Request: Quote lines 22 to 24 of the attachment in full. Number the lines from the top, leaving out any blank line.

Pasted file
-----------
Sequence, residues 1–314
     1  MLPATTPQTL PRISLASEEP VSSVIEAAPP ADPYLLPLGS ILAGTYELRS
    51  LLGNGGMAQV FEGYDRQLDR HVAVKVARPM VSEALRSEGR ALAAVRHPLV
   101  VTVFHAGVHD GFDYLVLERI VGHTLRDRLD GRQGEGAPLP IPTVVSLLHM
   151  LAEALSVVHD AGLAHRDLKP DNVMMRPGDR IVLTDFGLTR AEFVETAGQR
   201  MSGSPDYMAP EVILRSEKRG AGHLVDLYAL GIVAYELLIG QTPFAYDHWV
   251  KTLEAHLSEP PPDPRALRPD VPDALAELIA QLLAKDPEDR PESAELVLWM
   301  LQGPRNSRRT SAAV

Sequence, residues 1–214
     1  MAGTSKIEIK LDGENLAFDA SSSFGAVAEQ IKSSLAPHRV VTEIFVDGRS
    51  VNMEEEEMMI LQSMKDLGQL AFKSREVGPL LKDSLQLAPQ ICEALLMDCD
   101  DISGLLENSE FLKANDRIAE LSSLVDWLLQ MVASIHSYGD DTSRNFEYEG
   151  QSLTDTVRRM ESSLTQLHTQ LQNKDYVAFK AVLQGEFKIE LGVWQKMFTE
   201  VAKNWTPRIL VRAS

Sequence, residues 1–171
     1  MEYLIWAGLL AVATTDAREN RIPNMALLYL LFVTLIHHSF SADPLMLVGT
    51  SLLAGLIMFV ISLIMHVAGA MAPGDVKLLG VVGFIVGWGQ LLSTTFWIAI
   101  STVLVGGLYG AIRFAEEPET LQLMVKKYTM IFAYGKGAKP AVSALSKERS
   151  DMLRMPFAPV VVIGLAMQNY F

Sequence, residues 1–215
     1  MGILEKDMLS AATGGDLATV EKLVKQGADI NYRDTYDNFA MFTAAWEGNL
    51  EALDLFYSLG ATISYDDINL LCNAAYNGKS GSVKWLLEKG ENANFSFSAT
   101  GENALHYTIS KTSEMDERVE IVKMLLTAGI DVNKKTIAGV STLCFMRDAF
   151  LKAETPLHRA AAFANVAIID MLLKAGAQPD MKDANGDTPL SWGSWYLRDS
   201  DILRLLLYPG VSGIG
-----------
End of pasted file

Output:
    51  EALDLFYSLG ATISYDDINL LCNAAYNGKS GSVKWLLEKG ENANFSFSAT
   101  GENALHYTIS KTSEMDERVE IVKMLLTAGI DVNKKTIAGV STLCFMRDAF
   151  LKAETPLHRA AAFANVAIID MLLKAGAQPD MKDANGDTPL SWGSWYLRDS